I have to write a 3 page long explication essay from a passage of the story "The lottery". I would like some help on which passage to choose, what thesis statement should I use from this passage and what details should I emphasis to explain from this passage? Thanks for your help!!! God Bless!!!
You might use the first 3 or 4 paragraphs, which provide the exposition of the story. Jackson presents an idyllic setting, leading the reader to the set-up for a shocking ending.
The first paragraph presents a peaceful setting, with life teeming in the village (flowers blossoming, green grass, etc.). The low population ensures that people know each other, and care for each other (which will make the outcome of the lottery even more horrific).
In the second paragraph is the picture of innocence--children feeling the "liberty" (as oposed to the implied opressive system which dictates the lottery). The stones are gathered, providing a foreshadowing of violence.
In the third paragraph, men are discussing daily life. They are avoidng the pile of stones collected by the children. The pile of stones is repeatedly mentioned.
Mr. Summers (who conducts the lottery) is used to provide juxtaposition for the coming horrlr. He is described as "jovial" though he has reason to be anything but (no children, a scold for a wife). A hint of tension is present as the villagers keep their distance from the black box used in the lottery.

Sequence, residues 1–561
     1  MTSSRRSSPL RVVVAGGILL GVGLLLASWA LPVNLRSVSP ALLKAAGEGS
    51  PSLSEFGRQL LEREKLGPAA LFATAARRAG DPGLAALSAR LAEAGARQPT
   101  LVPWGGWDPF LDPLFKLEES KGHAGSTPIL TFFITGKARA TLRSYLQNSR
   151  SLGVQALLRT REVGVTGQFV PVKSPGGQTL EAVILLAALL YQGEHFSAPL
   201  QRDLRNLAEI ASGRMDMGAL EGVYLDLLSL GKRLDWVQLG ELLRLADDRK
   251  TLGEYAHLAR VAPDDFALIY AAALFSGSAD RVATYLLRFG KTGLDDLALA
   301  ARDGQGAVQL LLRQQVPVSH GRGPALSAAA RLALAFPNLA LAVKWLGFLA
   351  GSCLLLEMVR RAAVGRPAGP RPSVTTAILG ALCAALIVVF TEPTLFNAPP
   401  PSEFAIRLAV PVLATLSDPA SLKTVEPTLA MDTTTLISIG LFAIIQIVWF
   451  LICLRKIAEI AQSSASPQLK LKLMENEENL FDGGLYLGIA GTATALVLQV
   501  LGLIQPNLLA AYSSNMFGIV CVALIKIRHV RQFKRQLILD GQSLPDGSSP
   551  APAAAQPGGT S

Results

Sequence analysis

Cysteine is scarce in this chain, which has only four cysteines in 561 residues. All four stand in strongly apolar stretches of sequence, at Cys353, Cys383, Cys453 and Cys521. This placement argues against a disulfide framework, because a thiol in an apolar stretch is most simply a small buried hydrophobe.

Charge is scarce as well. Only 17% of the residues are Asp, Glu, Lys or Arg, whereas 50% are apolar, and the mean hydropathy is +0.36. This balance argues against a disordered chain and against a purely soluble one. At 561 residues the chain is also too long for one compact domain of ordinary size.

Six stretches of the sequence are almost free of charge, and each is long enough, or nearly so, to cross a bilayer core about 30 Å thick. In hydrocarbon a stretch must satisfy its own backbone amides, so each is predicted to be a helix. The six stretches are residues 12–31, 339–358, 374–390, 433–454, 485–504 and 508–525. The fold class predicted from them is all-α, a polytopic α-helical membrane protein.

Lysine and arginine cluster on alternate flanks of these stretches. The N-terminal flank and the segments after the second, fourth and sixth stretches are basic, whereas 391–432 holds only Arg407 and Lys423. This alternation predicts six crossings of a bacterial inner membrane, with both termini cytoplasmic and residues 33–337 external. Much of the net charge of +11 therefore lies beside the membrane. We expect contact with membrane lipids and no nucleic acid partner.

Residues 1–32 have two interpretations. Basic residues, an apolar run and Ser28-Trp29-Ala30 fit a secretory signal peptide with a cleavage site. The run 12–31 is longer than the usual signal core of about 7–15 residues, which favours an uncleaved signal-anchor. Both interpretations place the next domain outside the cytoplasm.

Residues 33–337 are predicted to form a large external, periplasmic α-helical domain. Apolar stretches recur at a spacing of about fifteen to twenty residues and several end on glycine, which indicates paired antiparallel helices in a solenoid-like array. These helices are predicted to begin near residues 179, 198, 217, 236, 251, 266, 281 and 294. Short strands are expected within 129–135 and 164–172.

Since the horror of "The Lottery" lies in the fact that the townspeople have become so conditioned to the town's custom that they are inured to its cruelty, you may wish to use this as the focus of your paper. The paragraphs near the end of the story seem appropriate for this purpose:
Although the villagers had forgotten the ritual and lost the original black box, they still remembered to use stones....Mrs. Delacroix selected a stone so large she had to pick it up with both hands and turned to Mrs. Dunbar, 'come on,' she said. 'Hurry up.'
Mrs. Dunbar had small stones in both hands, and she said, gasping for breath, 'I can't run at all. You'll have to go ahead and I'll catch up with you.'
The children had stones already, and someone gave little Davy Hutchinson a few pebbles.
(This unthinking conditioning is a theme in Aldous Huxley's "Brave New World," an anti-utopia in which order is maintained by dehumanizing and conditioning the inhabitants of the New World. Clearly, the residents of Mrs. Hutchinson's town have become such inhabitants in their ritualized behavior as the individual submits to the tyranny of the status quo)
One passage that is very relevant to any explanation of the story "The Lottery,' is how this event falls in with other ordinary activities that occur in this town each and every year. One of the most chilling impacts that Shirley Jackson makes with this story is how easily adapted to the yearly human sacrifice that takes place at this time of year.
"The lottery was conducted--as were the square dances, the teen club, the Halloween program--by Mr. Summers. who had time and energy to devote to civic activities."
The way that the people assemble for this execution is like they are gathering for a picnic. There is an absolute detachment from the cruel, violent, murder that will occur after the poor person "wins" the lottery.